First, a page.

Will a Person Who Commits Suicide Go to Heaven?

Last month, Andrew Stoecklein, the successful pastor of a mega-church in Chino Hills, California, took his own life. Many people ask, “Why?” or “How? How could a pastor do that? Was he even “saved?”
 
The topic of suicide is always challenging because so many thoughts and emotions are involved. Dealing with the death of a loved one is always hard, but particularly hard when it was a suicide. My cousin took his life earlier this year and it has been challenging for us and his family. He loved Jesus and was fully committed to Him, but ultimately the demonic power struggle and condemnation overwhelmed him, and he believed the lie that his situation was hopeless. Pastor Andrew had a similar battle. Pastors are human and face trials and tests like everyone else. Unfortunately, the pressures upon pastors make their positions lonely and often filled with times of depression.
 
To answer the question, “Will a person who commits suicide go to heaven?” let me first say: if you are suffering with depression and even thinking about suicide, God has a different, better plan. He walks with us “THROUGH the valley of the shadow of death.” (Psalm 23:4- notice He takes us THROUGH it – He won’t leave us there). Satan is incredibly deceptive and wants to lead people to believe their situation is hopeless, and they give up, feeling that suicide is the only way out. That is a lie from the pit of Hell. I believe that is part of what Pastor Andrew succumbed to (and my cousin as well). In the depths of despair or nervous breakdown, the mind is no longer thinking rationally, no longer thinking about 3 young boys who are looking up to him (Andrew), or the family members that love him dearly. Just as we would never condemn a person who dies of a cancer (or any particular illness), we shouldn’t condemn people who have mental illness. Honest scientists recognize we have barely scratched the surface of understanding how the brain/mind works. Mental illness is real and a “broken brain” is not the sign of a weak or sinful Christian. Prolonged depression, anxiety attacks and the like, cause chemical changes in the brain so that a person literally can’t think clearly. Overwhelmed by fear, Pastor Andrew gave into a lie: “this pain/fear/anxiety/terror is never going to stop.” That is THE LIE, completely counter to Psalm 23 (walking THROUGH the valley of the shadow of death).  If you or someone you know is struggling with these thoughts, get help, help from people in the Body of Christ to walk through the darkness and get to the other side of the valley.  There is help out there and you can’t do it alone.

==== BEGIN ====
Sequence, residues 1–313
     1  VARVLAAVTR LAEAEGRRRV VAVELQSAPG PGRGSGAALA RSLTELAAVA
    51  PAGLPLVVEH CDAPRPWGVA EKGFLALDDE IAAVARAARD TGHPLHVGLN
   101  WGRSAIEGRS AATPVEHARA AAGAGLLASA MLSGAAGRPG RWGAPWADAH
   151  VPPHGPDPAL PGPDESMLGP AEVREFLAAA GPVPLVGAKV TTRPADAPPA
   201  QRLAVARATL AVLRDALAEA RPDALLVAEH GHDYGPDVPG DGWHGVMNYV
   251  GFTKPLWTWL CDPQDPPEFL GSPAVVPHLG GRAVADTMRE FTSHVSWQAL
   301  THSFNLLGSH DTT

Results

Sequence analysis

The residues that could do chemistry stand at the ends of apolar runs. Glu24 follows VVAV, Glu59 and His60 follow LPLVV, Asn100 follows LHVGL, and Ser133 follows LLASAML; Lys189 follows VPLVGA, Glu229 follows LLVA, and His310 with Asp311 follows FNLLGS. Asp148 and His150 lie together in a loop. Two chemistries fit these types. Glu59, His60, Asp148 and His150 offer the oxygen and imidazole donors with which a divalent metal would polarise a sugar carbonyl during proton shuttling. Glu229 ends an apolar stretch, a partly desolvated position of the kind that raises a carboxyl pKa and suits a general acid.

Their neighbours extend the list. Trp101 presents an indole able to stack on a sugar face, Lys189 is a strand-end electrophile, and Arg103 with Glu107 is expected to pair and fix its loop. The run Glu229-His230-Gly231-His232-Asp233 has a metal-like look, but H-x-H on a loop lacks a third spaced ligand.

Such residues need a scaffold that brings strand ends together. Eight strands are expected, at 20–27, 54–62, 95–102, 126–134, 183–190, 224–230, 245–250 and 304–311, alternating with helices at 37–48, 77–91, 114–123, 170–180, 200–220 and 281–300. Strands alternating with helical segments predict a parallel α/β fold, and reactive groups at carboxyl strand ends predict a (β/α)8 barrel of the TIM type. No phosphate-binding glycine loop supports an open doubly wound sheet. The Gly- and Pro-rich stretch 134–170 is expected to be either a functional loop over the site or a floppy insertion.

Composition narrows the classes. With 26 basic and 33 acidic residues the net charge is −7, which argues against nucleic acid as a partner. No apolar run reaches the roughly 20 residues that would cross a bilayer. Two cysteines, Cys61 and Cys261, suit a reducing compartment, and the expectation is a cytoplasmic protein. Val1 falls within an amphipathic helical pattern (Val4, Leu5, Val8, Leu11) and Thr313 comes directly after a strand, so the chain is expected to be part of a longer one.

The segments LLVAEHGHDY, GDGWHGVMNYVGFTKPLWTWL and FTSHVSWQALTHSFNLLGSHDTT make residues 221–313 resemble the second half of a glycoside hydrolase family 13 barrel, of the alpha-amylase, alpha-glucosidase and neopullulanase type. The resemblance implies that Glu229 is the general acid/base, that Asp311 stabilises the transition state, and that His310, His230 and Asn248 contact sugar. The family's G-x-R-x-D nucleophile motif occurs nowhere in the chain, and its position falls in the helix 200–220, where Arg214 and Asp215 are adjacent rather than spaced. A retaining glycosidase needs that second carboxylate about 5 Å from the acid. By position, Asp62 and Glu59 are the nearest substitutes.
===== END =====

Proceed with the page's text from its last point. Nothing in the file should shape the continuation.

Hopefully that gives perspective to how a “believer” could commit suicide. Now, let’s talk about a few key theological points to understand where that person will spend eternity.
 
We are “saved by grace through faith, and that not of yourselves, it is a gift of God, not by works so that no one can boast” (Ephesians 2:8-9). Salvation comes by grace through faith. It is not based on our good works, good attitude or anything good, because ultimately we can’t be good enough. Most people stop there and think that once we are saved, it is up to us to “keep our salvation,” up to us to maintain our saved status. That, too, is a lie. We can’t do it! Just read Romans 7 where Paul wrestles with the flesh: 
 
“For I do not understand my own actions. For I do not do what I want, but I do the very thing I hate… For I know that nothing good dwells in me, that is, in my flesh. For I have the desire to do what is right, but not the ability to carry it out. For I do not do the good I want, but the evil I do not want is what I keep on doing.” Romans 7:15, 17–19 (ESV)
 
So we are saved by grace and we are sustained by grace. I must rely on Him for the power to walk this Christian walk. And if a person is truly saved, born again, then Jesus’ words in the following verse applies: